AMES is a bi-regional organization. Many of our projects take place on xʷməθkʷəy̓əm (Musqueam), Sḵwx̱wú7mesh (Squamish) and Sel̓íl̓witulh (Tsleil-Waututh) territories, and that’s where lots of our collaborators and participants hail from too. But the birth place of AMES is the unsurrendered territory of the Penelakut people, and 12 other Hul’q’umi’num speaking Nations who hold rights and responsibilities in and around the place that’s come to be known as Galiano Island.
During our initial research interviews, mentors and facilitators shared what they’d learned about Community Digital Storytelling (CDS), based on their years of experience. All of the program designs discussed here share characteristics with the first model we looked at: Working with Communities as a Filmmaker and Mentor. In the original workshop design, an organization (National Film Board of Canada, gallery gachet, Artsbridge, Give Peace a Chance etc.) contracts a filmmaker to work with a specific community to co-create short video projects.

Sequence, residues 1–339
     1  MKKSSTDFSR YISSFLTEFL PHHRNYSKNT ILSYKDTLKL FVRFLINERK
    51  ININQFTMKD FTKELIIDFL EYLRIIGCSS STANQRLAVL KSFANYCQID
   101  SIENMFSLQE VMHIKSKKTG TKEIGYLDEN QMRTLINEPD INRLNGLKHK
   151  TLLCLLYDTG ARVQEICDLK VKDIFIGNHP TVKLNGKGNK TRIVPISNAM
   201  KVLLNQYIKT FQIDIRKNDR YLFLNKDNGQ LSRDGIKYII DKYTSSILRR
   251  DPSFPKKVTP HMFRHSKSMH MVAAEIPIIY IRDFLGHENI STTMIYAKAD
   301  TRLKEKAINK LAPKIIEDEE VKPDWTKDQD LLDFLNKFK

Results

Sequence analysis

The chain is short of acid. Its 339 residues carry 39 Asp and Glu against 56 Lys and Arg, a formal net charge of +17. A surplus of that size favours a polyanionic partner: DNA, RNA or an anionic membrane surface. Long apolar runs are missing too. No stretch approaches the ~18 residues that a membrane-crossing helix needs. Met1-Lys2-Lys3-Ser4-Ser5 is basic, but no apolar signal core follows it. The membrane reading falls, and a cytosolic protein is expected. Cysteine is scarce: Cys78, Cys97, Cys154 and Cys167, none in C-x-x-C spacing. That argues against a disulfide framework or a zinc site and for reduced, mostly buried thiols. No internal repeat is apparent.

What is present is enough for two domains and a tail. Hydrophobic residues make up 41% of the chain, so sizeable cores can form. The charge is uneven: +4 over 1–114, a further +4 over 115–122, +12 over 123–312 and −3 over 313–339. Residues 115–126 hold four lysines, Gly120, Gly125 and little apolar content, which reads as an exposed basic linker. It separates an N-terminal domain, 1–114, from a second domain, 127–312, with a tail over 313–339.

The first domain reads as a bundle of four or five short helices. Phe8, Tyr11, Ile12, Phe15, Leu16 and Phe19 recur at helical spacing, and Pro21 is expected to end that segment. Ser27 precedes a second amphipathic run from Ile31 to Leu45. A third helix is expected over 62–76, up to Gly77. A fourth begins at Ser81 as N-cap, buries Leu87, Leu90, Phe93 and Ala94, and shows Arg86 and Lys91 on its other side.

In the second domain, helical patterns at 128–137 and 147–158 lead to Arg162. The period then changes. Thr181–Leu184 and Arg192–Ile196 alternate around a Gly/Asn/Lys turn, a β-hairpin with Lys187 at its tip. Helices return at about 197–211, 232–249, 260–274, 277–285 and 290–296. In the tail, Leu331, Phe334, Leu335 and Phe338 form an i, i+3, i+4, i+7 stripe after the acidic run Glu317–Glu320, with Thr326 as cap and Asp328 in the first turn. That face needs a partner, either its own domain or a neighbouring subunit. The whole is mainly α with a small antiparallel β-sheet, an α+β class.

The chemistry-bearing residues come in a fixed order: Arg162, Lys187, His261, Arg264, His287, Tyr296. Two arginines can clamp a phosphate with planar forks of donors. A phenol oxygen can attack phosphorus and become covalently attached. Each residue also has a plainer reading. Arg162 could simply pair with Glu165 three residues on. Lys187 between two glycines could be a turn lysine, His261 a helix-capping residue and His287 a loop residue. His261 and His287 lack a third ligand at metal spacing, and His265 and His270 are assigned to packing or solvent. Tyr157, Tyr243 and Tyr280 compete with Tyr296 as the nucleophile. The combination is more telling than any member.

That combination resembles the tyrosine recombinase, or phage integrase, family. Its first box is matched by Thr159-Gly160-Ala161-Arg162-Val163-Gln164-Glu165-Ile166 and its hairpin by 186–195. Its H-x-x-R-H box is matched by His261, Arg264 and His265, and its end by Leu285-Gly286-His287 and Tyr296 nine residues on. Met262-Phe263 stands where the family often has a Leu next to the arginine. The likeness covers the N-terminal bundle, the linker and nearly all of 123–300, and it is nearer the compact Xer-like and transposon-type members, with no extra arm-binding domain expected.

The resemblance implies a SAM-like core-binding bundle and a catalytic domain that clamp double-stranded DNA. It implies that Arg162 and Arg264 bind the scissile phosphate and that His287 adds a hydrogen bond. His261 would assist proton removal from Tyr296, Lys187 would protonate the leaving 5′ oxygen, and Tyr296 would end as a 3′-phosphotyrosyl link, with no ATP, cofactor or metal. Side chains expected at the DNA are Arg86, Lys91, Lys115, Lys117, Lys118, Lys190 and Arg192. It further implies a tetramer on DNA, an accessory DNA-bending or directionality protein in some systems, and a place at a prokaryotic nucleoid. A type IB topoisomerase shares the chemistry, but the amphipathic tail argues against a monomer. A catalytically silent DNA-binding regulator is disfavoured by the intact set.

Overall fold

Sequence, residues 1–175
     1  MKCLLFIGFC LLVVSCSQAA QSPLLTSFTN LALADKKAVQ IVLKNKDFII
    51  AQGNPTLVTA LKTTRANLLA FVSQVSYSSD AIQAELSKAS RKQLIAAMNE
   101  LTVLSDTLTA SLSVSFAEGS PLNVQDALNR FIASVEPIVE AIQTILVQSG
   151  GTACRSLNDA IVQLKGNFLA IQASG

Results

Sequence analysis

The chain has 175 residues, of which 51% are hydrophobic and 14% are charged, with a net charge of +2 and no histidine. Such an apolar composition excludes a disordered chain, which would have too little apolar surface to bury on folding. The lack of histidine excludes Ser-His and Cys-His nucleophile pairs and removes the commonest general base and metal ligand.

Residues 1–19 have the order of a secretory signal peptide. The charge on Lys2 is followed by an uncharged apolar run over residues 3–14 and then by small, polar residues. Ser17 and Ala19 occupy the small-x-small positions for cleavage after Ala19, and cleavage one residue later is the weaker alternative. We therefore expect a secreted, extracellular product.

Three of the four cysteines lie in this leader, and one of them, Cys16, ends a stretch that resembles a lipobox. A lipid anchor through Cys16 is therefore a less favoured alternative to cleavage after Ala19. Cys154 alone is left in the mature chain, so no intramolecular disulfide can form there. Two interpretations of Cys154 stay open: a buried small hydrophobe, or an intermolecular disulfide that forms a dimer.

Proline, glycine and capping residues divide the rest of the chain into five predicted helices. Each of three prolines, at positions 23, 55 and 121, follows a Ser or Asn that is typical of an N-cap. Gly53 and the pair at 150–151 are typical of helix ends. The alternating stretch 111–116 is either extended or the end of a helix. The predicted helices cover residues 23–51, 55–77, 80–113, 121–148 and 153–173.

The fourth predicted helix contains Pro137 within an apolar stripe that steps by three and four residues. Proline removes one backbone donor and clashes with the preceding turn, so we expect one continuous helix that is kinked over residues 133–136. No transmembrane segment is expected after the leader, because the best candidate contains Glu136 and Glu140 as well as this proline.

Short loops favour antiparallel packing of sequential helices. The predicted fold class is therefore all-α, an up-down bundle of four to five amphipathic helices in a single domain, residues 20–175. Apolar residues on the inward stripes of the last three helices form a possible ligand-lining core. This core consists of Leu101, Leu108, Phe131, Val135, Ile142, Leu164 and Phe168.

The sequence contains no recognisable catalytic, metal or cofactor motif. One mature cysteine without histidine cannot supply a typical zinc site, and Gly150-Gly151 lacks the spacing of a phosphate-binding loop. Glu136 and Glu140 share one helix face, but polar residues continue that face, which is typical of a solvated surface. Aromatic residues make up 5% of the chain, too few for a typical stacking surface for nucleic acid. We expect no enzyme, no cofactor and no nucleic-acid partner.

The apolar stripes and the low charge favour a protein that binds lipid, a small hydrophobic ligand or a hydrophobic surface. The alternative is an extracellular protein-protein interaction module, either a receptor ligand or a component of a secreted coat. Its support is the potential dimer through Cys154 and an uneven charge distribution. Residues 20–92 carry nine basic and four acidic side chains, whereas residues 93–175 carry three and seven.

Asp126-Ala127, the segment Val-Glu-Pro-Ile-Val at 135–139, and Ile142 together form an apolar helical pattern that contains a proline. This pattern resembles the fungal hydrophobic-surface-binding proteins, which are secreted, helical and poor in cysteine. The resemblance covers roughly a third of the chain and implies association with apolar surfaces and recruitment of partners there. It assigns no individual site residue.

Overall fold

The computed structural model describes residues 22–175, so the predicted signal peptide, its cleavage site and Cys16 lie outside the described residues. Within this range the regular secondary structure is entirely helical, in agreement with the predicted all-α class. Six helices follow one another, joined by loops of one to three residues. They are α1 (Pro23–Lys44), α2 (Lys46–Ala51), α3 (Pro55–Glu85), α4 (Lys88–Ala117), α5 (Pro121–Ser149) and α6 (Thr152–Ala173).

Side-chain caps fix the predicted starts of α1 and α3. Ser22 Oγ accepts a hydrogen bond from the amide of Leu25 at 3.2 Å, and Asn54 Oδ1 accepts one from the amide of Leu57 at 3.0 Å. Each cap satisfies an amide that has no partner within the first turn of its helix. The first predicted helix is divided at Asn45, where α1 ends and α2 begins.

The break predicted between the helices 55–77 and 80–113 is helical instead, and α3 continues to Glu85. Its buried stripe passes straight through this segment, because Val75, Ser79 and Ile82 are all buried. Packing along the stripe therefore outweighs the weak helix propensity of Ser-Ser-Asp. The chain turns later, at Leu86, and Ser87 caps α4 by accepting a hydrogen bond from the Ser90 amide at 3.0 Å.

Community Digital Storytelling grows out of our experiences in the world, shared as stories. Our strategy, as mentors developing new approaches to storytelling, is to create and hold open a receptive and welcoming space.